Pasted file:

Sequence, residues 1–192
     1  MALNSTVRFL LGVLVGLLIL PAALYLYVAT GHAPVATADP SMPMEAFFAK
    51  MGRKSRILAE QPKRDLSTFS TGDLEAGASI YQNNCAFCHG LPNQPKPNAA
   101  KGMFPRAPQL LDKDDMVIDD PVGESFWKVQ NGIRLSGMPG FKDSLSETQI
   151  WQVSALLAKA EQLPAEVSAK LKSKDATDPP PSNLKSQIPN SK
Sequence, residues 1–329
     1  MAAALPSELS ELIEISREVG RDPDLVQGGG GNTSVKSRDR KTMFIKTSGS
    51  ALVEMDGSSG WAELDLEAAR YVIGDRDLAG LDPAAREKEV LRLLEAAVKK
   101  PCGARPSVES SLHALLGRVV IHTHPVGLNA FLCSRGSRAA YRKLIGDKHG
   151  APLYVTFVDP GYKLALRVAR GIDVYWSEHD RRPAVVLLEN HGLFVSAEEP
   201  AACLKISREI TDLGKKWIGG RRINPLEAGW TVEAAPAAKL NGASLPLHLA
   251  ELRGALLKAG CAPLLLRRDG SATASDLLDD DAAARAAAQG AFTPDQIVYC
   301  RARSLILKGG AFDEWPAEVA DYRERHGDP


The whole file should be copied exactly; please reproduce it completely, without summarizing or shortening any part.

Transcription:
Sequence, residues 1–192
     1  MALNSTVRFL LGVLVGLLIL PAALYLYVAT GHAPVATADP SMPMEAFFAK
    51  MGRKSRILAE QPKRDLSTFS TGDLEAGASI YQNNCAFCHG LPNQPKPNAA
   101  KGMFPRAPQL LDKDDMVIDD PVGESFWKVQ NGIRLSGMPG FKDSLSETQI
   151  WQVSALLAKA EQLPAEVSAK LKSKDATDPP PSNLKSQIPN SK
Sequence, residues 1–329
     1  MAAALPSELS ELIEISREVG RDPDLVQGGG GNTSVKSRDR KTMFIKTSGS
    51  ALVEMDGSSG WAELDLEAAR YVIGDRDLAG LDPAAREKEV LRLLEAAVKK
   101  PCGARPSVES SLHALLGRVV IHTHPVGLNA FLCSRGSRAA YRKLIGDKHG
   151  APLYVTFVDP GYKLALRVAR GIDVYWSEHD RRPAVVLLEN HGLFVSAEEP
   201  AACLKISREI TDLGKKWIGG RRINPLEAGW TVEAAPAAKL NGASLPLHLA
   251  ELRGALLKAG CAPLLLRRDG SATASDLLDD DAAARAAAQG AFTPDQIVYC
   301  RARSLILKGG AFDEWPAEVA DYRERHGDP